People want a lot from fashion models these days. Possibly too much.
During the recent fall 2016 shows, critics wanted models that were plus-size, old, transgender, Latina, black, Asian, Body Mass Index-normal, beautiful, eccentric-looking — and smiling. (Oh-by-God did men especially want them smiling because a model who is not smiling is, by default, glaring or angry or maybe just too focused, and how dare these young women strutting about in velvet puffer coats and oversized blazers suggest they might have a serious thought floating around in their head.)
We're hearing these demands because fashion has ceased being a niche interest and is now a fascination for a wide swath of the population. Fashion is popular culture and big business. The expansion of fashion's audience is good for the industry and good for the social conversation. People should be more invested in the global production of frocks; it impacts us all. And models are the public face — or body — of that industry. While designers are increasingly becoming celebrities in their own right, it's still mostly the models who are responsible for embodying the anonymous ideal of the brand — its notion of beauty and desirability. It's the models who are expected to connect to consumers and welcome them into the fashion fold.
Diversity should be part of that equation. But how much? And what sort?
In the last few years, the conversation about diversity has focused on race. Influential members of the fashion industry, from activist Bethann Hardison to models Naomi Campbell and Iman, have spoken up about why racial diversity matters. Part of their activism included publicly chastising brands that mount runway shows without casting models of color. That public shaming awakened a lot of designers to their subconscious prejudices, and they changed their ways.
And now, that tough love has progressed to a regular statistical analysis.
According to the The Fashion Spot, nearly 32 percent of the models on the fall 2016 runways in New York were women of color. It has been a slow slog to reach this point; in the mid-1990s, the percentage was closer to zero. But this website and others have also taken to counting the number of plus-size models, transgender models and those who are deemed "aged." What other categories shall we add: lesbian, disabled, Native American, and so on? After all, they are part of the great consumer melting pot, too.
Diversity is now being measured, defined and demanded in so many ways that it's almost impossible for a single runway, a single designer, to tick off all the boxes.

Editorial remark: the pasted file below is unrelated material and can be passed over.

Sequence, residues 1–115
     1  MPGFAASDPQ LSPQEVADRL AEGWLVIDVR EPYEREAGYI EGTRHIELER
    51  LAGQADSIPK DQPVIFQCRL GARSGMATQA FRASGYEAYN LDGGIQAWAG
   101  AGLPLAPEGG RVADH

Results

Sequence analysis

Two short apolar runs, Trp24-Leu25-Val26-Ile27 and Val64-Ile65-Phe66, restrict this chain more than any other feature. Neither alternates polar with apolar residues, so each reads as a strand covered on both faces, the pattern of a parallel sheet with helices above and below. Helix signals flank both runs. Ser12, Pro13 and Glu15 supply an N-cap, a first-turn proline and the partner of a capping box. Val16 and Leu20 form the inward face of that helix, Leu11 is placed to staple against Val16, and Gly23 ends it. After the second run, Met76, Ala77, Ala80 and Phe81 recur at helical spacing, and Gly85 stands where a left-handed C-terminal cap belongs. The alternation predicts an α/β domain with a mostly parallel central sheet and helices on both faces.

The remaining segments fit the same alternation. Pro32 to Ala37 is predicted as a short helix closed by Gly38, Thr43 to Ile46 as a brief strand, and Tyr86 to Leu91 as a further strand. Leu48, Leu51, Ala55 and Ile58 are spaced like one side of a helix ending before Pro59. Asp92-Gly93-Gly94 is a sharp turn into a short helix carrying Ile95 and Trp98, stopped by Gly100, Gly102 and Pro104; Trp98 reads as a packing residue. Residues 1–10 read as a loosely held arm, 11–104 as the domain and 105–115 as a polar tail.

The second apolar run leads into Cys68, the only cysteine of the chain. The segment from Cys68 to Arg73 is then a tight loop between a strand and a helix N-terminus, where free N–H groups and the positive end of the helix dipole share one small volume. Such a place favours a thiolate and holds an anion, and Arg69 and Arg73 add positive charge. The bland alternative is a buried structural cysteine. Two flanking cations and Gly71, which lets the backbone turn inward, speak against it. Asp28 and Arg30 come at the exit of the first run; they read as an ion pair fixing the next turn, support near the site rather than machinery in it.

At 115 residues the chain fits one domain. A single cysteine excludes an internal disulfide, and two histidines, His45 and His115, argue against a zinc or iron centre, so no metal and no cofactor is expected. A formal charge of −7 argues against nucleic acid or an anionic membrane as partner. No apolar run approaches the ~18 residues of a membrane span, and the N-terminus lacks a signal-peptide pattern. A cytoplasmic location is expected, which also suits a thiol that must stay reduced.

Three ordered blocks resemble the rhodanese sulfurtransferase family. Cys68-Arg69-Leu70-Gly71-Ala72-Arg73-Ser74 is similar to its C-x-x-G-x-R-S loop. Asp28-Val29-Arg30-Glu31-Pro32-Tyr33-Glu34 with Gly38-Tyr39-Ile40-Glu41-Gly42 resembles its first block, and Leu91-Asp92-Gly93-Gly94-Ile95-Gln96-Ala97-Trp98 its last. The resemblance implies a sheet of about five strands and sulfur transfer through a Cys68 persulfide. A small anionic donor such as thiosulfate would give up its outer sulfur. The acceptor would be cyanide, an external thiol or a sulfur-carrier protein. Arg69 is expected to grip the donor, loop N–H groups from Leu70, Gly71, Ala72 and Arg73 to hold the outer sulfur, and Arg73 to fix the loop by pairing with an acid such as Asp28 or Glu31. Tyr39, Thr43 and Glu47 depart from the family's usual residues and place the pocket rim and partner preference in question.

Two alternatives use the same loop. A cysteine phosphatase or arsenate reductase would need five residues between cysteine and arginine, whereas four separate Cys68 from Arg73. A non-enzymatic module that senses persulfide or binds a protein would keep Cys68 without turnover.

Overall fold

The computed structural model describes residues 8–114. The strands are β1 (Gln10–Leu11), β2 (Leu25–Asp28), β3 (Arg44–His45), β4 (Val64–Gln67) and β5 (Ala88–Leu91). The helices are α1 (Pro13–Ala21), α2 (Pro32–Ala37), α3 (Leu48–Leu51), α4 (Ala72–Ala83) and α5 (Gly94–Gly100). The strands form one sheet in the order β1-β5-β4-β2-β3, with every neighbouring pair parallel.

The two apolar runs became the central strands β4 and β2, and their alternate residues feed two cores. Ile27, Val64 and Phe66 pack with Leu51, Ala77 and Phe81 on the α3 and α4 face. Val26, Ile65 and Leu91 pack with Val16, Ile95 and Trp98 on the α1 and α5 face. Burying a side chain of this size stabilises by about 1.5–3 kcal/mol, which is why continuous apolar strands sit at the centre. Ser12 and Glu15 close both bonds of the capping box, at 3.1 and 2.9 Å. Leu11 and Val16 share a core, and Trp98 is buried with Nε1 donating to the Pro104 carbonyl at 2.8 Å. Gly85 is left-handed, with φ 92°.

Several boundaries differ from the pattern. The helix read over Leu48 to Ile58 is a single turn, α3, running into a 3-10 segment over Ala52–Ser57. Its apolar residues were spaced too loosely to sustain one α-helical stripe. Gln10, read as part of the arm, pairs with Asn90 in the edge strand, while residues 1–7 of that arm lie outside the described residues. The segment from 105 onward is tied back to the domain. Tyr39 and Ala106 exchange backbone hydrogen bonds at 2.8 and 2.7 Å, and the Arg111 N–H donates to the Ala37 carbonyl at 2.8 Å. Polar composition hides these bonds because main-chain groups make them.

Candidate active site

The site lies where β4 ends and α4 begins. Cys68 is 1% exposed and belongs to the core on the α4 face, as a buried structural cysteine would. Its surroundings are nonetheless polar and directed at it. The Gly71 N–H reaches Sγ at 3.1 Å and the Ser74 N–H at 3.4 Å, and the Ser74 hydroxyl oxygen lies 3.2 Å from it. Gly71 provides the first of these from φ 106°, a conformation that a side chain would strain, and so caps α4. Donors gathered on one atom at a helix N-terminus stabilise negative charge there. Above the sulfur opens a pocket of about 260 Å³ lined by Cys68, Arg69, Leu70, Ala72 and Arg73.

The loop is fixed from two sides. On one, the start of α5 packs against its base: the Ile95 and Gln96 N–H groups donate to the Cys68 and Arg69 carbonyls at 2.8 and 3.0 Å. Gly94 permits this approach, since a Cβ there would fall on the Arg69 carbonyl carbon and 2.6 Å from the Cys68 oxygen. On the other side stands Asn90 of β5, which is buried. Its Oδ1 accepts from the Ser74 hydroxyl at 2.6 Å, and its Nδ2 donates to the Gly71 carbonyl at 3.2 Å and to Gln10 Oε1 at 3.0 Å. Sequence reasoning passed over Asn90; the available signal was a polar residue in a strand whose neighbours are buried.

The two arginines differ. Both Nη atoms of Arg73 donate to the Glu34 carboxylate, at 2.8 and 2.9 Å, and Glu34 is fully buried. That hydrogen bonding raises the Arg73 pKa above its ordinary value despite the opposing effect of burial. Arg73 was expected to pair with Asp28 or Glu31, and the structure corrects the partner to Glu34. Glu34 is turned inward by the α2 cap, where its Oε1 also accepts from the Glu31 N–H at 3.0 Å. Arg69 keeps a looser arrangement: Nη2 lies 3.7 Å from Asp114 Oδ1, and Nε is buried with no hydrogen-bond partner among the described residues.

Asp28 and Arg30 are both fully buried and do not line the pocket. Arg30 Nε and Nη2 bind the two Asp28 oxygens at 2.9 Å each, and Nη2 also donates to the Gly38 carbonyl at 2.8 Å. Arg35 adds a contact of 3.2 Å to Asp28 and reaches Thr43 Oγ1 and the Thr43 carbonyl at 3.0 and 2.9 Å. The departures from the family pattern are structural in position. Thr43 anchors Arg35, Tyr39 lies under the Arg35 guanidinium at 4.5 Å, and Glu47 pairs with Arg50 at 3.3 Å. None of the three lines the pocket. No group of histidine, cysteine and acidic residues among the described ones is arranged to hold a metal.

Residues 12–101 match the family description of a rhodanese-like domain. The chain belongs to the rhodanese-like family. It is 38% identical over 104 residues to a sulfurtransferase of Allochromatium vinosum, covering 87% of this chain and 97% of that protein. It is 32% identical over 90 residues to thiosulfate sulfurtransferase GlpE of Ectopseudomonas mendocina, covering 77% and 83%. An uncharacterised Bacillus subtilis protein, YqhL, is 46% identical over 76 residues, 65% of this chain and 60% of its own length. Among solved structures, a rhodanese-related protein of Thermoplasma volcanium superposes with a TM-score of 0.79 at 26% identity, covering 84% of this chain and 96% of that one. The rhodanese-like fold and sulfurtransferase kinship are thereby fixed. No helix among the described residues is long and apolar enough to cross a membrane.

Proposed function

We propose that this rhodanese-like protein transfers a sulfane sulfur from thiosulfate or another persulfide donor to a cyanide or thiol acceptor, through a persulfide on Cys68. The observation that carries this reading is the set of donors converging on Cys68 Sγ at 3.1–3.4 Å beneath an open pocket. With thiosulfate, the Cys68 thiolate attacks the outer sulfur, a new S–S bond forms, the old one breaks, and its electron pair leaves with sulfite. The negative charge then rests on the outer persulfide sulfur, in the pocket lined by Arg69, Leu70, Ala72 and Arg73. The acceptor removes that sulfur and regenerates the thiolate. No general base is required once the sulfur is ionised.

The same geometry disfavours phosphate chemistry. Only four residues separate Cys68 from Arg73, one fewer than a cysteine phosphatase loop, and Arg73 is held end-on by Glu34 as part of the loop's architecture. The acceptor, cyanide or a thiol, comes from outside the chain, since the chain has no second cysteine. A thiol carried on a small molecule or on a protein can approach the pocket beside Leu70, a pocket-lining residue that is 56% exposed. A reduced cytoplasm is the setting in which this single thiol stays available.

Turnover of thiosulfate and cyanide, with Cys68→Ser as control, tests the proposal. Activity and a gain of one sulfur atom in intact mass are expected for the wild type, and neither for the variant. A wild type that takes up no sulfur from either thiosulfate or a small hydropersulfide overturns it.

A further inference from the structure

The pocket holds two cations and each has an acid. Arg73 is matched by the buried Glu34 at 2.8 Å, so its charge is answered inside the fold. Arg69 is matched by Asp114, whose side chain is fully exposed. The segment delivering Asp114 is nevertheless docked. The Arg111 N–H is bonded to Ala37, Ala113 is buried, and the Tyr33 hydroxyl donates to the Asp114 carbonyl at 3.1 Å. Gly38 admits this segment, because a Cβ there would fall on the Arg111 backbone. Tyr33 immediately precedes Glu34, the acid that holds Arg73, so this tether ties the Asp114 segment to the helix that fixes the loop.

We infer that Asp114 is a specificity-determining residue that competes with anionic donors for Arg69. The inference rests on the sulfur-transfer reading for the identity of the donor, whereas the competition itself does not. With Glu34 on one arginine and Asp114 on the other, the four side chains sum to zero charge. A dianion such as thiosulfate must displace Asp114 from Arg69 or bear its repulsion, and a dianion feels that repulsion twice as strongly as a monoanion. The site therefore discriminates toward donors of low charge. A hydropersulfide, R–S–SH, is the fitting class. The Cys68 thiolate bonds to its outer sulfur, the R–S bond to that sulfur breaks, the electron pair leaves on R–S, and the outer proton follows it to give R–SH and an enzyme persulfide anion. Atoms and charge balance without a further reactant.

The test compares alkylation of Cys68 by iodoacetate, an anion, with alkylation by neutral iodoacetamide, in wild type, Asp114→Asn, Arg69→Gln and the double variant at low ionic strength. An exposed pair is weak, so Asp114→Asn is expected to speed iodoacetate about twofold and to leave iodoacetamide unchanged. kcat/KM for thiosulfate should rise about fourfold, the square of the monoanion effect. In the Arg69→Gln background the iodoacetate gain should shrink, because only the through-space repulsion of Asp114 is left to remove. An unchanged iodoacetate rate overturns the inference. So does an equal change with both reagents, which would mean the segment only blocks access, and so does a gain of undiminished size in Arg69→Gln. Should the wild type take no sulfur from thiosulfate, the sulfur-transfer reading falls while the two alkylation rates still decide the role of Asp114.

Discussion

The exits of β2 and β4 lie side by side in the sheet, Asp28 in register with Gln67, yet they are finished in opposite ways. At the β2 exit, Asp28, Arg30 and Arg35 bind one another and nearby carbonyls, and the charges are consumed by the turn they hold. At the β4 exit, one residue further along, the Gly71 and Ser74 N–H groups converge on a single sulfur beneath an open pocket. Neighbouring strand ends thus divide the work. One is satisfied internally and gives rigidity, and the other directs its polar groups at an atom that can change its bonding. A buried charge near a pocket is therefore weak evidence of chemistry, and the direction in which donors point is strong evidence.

It's useful to have an accounting of who makes it onto a fashion runway in order to measure our progress towards inclusiveness, but this kind of bean-counting presumes a certain end goal. What is the magic percentage that will signal victory? Is it 36 percent, the approximate percentage of the American population that identifies as African-American, non-white Hispanic and Asian? Is it 50 percent? Or 100 percent? And should that percentage be the same regardless of where the designer is based, the product price point and its aesthetic?
Does a designer inspired by street style have a greater obligation to express racial diversity on a runway than does one focused on fantasy cocktail dresses? Does the size or stature of a brand matter? Some critics argued "yes" after Demna Gvasalia's runway show for Vetements and his well-received debut at Balenciaga. Both collections had aesthetics born out of street style. The Georgian-born, Paris-based designer chose an eccentric-looking group of models — but there was no obvious racial diversity. That caused an outcry because both shows buzzed with possibility. They were at the epicenter of cool. And being part of them meant something more than simply being gainfully employed as a model. It meant being part of a wave of influence.
Gvasalia embraced diversity, but not the kind that his critics deemed most important.
In contrast, the New York-based designer Zac Posen presented a show that was dominated by black models. Kanye West populated his Madison Square Garden production with men and women of color. Both of them did so to make a point, and good for them. But that's not a win; that's just part of the skirmish.
Surely success is when those models are regularly just part of the mix at Prada, Céline, Saint Laurent and other shows that have far-reaching aesthetic influence and can launch a model into a lucrative advertising contract.
Ideally, diversity should be part of the story-telling and myth-making, not a mathematical equation. All the counting is well-intentioned, but what's the goal? If it's to have a runway show more honestly reflect the consumer base of a luxury brand, well, clear the runway for 30-something men of Asian and Middle Eastern descent. Is it to more accurately represent womankind — at least the American version? Then there should be a glut of size 14 models who stand 5-foot-4. But no one is counting the number of short models on the runway (Lady Gaga in the Marc Jacobs show notwithstanding).
We understand that fashion must balance fantasy with the reality of doing business in a diverse world. Those models booked for a runway show are cast to express a unique vision, to make viewers dream. They are, by definition, a rare and lucky lot. They are the chosen.
They should also be a diverse group because they bear the responsibility of embodying a cultural standard.
But as we all become more invested in fashion, there is the temptation to expect that each show should offer a unique representation of every conceivable consumer. To some degree, we are looking to see near mirror-images on the runway. But fashion has a responsibility to reflect the culture, not the individual.
It's fine to dissect diversity in all its many iterations. The question is whether all those fractions add up to a more welcoming industry or just a growing list of numbers.